Sounds like the Odd Couple are at odds.
A full 10 seconds of silence passed after a reporter asked Secretary of State Condoleezza Rice and Defense Secretary Donald H. Rumsfeld what the intense secrecy and security surrounding their visit to Iraq signified about the stability of the country three years after the U.S.-led invasion. Rice turned to Rumsfeld to provide the answer. Rumsfeld glared at the reporter.
“I guess I don’t think it says anything about it,” he snapped. He went on to say that President Bush had directed him and Rice to go to Iraq to “meet with the new leadership, and it happens that they are located here,” a reference to the heavily fortified Green Zone where U.S. officials — and many Iraqi leaders — live and work.
Even though her arrival here followed an exhausting sprint through Greece and Turkey, Rice appeared energized by the task at hand. Rumsfeld arrived directly from Washington — after a recent Asian tour — but he seemed disengaged and bored, both to reporters traveling with him and to some U.S. officials. Some said he seemed irritated by the whole exercise. He did not speak a word to reporters with him on the flight to Baghdad.
During a joint meeting with reporters traveling with the secretaries, Rumsfeld frequently doodled with a black felt-tip pen or stared absent-mindedly at the ceiling when Rice spoke. Rice would occasionally cast a nervous glance at Rumsfeld as he prepared to respond to a question. His answers were terse; hers were expansive.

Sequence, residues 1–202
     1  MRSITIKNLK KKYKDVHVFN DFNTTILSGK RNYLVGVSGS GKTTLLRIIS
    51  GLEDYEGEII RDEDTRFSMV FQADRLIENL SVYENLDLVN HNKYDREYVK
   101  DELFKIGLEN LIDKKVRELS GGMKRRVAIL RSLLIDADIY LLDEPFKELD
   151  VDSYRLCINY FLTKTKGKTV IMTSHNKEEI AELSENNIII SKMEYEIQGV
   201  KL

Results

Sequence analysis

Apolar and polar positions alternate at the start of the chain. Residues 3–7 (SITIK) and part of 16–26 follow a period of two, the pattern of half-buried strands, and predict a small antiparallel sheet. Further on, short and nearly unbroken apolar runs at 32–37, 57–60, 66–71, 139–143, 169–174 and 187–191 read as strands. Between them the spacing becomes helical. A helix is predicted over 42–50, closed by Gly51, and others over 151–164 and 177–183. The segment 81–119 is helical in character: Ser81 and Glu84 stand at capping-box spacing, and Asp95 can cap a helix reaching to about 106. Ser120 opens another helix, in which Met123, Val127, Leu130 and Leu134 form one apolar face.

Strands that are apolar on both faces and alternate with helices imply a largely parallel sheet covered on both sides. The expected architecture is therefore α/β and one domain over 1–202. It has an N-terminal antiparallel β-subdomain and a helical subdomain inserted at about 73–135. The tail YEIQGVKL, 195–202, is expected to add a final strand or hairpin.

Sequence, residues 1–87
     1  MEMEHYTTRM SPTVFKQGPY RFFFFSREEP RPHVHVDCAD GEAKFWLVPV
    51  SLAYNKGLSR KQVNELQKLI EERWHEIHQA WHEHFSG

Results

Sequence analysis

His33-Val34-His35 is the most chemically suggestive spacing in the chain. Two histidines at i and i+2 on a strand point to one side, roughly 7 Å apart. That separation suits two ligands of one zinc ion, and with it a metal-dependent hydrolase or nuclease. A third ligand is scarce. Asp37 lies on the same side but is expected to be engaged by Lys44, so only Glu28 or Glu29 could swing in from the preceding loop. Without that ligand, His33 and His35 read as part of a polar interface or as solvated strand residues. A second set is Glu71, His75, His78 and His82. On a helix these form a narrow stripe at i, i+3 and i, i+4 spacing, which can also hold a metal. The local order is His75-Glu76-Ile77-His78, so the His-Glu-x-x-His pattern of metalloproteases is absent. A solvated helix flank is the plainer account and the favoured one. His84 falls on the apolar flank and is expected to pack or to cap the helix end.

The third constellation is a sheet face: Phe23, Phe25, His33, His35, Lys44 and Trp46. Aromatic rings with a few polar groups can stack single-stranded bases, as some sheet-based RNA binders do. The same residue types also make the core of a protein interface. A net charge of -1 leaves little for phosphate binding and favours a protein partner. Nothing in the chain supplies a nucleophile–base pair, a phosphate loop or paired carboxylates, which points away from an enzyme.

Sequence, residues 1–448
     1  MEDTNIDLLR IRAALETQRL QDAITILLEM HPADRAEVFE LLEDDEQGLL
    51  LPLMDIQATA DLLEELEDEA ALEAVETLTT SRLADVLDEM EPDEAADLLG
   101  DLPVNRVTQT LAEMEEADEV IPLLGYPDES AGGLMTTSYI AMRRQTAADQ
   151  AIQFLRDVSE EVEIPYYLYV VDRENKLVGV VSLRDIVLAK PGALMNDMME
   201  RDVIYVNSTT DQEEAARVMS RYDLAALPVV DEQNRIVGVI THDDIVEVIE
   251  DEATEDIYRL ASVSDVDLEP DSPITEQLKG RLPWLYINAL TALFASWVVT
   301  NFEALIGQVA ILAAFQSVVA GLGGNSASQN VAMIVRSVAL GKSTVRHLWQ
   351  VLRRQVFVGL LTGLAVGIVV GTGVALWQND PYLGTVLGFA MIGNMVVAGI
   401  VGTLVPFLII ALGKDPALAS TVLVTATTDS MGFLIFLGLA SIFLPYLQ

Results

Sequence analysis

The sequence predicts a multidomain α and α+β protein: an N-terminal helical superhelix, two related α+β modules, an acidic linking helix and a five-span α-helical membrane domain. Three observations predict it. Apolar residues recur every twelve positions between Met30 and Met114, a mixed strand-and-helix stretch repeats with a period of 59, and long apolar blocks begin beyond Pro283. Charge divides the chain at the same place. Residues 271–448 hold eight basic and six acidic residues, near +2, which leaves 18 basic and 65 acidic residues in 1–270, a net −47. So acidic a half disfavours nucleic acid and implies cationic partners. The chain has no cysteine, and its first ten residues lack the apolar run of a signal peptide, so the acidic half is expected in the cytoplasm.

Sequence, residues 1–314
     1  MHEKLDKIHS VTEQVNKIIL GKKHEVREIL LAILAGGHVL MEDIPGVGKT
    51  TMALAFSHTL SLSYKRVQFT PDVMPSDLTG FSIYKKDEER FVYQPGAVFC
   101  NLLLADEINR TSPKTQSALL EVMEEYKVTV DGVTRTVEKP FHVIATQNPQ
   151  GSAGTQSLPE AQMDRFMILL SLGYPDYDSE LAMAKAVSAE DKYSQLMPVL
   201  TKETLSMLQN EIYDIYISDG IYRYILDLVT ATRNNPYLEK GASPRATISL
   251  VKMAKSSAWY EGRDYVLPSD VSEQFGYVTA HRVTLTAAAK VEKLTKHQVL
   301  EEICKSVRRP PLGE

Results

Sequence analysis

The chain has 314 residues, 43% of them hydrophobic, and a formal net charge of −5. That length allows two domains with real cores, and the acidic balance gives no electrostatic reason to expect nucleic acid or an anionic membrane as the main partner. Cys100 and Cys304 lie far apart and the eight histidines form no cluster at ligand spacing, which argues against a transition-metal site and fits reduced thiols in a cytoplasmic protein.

The two secretaries recently had a widely publicized dispute over a comment by Rice that the administration had probably made “thousands” of “tactical errors” in Iraq. Aides later said she had meant it figuratively, but it generated headlines around the world. In a radio interview, Rumsfeld dismissed it as a comment made by someone who didn’t understand warfare.
Asked about the flap here in Baghdad, Rumsfeld replied, “I wasn’t aware of what she meant.” (The transcript shows that the radio interviewer described her remarks carefully and placed them in context.) Rumsfeld made no effort to smooth over the issue but pointed to Rice and said, “She’s right here, and you can ask her.” Rice noted that her comment about tactical errors had been made “not in the military sense.”
Rice courted the news media, racing through five television interviews in 17 minutes. Rumsfeld gave no separate interviews. At one point, he arrived early for a meeting and saw an array of television cameras inside the room. He shook his head at the reporters and turned on his heel.
Before the two Cabinet members left Baghdad on Thursday, Rice dismissed any suggestions of tension. “Secretary Rumsfeld and I have an excellent relationship,” she told Fox News. “We’re working very hard together. We’re actually having a great time here in Iraq.”